Four years after New Orleans Mayor Ray Nagin tried to endear himself to black voters by playing to their fears that they were about to be “overrun by Mexican workers,” things have and haven’t changed.
Mexican and other Latin American migrants who came to rebuild in the wake of Hurricane Katrina didn’t overwhelm the city. But, at roughly 15% of the population -- up from 3% pre-Katrina -- they aren’t going away either, and New Orleans is grappling with their presence as part of a larger post-disaster demographic shift.
On the street, you hear stories about black criminals robbing Latino day laborers, who are not-so-affectionately referred to as “walking ATMs.” There also seems to be plenty of lingering resentment over the widespread use of migrant labor to rebuild the city.
But there are signs of connection as well, evidence of New Orleans’ pride in its history as the most flavorful of New World melting pots. Some see in them the possibility of a city going back to the future.
New Orleans has a decidedly Hispanic (and French and Caribbean and African) pre-Louisiana Purchase past, and both black and Latino activists I met suggested that this history is a useful template for this city’s increasingly mixed future.
“We didn’t just discover Latin America,” says Dillard University Professor Mtangulizi Sanyika. “The golden age of New Orleans is a historical resource for this community.”
Although the French were the first and clearly the dominant colonial culture here, France, Spain and ultimately the U.S. all forced their peculiar laws and customs on the city. Starting in the 1760s, New Orleans prospered under Spanish rule, trading with Cuba, Santo Domingo, the Yucatan and the Mexican Gulf Coast. Most significantly, however, the Spanish installed a brand of slavery that for all its inherent cruelty allowed for greater liberties than the English and French versions. In Spanish colonies, slaves had the ability to purchase their freedom, which had an enormous impact on the development of black culture and race relations.
In his book, “The World That Made New Orleans,” writer Ned Sublette concludes that “Afro-Louisianians had more freedom during the territory’s three-plus decades of Spanish rule than they had during the French colonial period, and more than black slaves had or would have anywhere else in the South at any time before emancipation.”
Both the Spanish and the French also gave New Orleans a nuanced view of the color line; they employed a three-part racial system. In addition to the categories of free whites and black slaves, there was a third group -- free people of color, many of whom were of mixed blood.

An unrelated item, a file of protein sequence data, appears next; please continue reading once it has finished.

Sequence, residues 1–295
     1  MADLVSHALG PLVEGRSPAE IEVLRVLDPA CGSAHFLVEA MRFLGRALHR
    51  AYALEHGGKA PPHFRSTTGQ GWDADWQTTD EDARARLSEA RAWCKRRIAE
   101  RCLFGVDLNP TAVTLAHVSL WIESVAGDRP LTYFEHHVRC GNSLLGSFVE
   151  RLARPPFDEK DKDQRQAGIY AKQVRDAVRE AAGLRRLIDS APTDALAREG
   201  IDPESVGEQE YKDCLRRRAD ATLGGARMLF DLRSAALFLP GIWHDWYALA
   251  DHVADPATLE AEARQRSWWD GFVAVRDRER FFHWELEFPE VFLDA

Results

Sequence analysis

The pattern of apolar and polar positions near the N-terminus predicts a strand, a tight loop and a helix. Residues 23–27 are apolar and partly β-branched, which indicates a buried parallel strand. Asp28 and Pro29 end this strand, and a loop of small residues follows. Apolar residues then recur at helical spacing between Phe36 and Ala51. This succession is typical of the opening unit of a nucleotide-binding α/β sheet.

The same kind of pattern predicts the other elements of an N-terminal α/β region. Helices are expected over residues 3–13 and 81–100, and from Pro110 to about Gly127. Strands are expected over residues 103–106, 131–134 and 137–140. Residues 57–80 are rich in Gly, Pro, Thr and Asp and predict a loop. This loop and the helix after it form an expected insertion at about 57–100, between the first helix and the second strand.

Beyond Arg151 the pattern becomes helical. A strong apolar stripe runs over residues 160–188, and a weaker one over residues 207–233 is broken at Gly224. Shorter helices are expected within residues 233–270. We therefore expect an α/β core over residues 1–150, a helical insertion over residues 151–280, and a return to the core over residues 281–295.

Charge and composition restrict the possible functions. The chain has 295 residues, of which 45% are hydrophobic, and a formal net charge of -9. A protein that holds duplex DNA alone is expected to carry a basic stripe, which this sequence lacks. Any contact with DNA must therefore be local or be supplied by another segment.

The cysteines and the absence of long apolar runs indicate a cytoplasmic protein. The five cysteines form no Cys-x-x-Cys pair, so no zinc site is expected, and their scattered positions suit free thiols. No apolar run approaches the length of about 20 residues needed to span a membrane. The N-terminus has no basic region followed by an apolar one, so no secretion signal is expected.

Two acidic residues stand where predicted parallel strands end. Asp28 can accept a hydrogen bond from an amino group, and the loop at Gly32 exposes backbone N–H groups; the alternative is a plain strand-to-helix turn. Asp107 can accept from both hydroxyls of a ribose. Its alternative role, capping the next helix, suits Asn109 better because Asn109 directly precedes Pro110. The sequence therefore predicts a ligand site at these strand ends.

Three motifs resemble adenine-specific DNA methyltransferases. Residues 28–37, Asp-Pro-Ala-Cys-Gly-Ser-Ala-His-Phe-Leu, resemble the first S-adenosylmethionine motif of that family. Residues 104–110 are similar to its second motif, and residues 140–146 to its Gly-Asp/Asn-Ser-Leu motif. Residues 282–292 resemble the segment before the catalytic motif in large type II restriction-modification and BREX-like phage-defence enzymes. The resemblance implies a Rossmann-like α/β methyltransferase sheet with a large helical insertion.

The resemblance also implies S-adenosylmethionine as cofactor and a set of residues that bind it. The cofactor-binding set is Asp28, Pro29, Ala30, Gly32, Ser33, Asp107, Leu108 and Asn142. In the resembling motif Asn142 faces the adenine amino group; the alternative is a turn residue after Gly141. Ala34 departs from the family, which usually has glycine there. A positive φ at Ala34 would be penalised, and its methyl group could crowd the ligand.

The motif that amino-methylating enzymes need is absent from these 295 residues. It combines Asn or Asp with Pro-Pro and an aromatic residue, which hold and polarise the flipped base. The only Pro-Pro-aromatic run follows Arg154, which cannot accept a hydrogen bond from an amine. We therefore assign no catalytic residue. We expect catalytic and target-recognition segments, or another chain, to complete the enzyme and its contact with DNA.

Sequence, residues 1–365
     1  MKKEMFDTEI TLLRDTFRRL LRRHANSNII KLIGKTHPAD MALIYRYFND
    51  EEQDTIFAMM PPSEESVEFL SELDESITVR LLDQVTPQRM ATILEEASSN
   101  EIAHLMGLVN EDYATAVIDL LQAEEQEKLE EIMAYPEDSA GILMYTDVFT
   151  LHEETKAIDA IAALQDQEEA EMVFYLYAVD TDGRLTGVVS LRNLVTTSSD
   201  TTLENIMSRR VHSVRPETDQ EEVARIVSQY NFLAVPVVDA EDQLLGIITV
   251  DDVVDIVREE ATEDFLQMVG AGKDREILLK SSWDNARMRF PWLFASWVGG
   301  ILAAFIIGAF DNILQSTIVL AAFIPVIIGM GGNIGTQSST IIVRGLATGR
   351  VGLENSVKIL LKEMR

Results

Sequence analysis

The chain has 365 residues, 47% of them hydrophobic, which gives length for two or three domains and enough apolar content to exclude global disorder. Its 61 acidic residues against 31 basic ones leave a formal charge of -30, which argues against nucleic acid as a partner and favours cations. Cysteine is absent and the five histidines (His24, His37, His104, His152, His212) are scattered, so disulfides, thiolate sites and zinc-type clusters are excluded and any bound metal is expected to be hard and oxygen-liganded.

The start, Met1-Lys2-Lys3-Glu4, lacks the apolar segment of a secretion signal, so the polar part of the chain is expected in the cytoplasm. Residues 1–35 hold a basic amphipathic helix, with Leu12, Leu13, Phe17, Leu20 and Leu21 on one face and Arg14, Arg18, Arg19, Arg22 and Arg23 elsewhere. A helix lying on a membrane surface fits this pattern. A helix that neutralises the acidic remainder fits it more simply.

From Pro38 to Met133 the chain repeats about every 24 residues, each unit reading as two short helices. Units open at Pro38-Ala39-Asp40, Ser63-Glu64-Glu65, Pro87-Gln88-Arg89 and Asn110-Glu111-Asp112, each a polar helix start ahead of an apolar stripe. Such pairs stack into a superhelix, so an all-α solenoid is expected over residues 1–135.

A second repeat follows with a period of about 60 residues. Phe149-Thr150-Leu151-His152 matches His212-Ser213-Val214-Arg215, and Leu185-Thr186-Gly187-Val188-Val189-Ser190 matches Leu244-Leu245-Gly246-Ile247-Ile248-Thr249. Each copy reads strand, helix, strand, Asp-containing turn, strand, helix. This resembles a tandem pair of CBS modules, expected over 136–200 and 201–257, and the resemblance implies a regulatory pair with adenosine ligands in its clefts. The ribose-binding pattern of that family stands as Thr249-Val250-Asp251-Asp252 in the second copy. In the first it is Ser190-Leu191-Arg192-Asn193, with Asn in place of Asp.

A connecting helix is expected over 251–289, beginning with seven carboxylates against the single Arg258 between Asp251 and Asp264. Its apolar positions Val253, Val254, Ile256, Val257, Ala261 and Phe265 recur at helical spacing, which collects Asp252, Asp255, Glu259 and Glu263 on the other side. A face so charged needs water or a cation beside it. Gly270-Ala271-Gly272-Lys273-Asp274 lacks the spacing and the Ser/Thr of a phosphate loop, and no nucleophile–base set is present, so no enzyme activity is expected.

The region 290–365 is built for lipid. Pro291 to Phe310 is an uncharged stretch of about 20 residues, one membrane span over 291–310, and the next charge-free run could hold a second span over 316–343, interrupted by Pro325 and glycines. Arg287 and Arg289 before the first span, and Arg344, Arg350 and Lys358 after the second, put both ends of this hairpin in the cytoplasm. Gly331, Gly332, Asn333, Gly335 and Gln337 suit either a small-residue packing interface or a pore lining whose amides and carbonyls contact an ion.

By 1805, five years after Spain relinquished control of New Orleans back to France and two years after the fledgling U.S. acquired New Orleans in the Louisiana Purchase, free people of color made up 33.5% of the African-origin population and 19% of the city overall. By contrast, around that time, 98% of black people in Kentucky and Tennessee southward into Louisiana were slaves.
More than anything else, this official recognition of mixture, of a category between black and white forged modern New Orleans’ self-conscious embrace of mestizaje (think gumbo as metaphor).
But after taking control of the city, the U.S. began to suppress recognition of mixture by imposing a simple binary black/white racial order. By the late 19th century, the social status of mixed-race people had been downgraded and the idea of racial purity was on the rise.
Still, the heavy hand of Jim Crow couldn’t completely eradicate the city’s liberating history of mixing. University of New Orleans historian Michael Mizell-Nelson told me that despite official segregation, a combination of “malign neglect” and the city’s “tradition of racial and ethnic borrowing” kept integrated working-class neighborhoods alive into the mid-20th century. These are the neighborhoods that gave birth to jazz, R&B and early rock ‘n’ roll.
And yet, as Katrina revealed, New Orleans became a classically segregated American city. Today, the most important demographic fact about New Orleans is that it’s about 30% less populated, and decidedly whiter, since Katrina. A powerful signal of that change is the City Council’s 2007 switch to a white majority for the first time in two decades. In February, a racially charged struggle between the black mayor and the white majority City Council broke out.
That puts the black-Latino tensions here into perspective as much as it calls into question the coming of a new mestizo golden age here. On the other hand, who knows. At the very least, maybe a growing Latino population will distract whites and blacks from fighting with each other.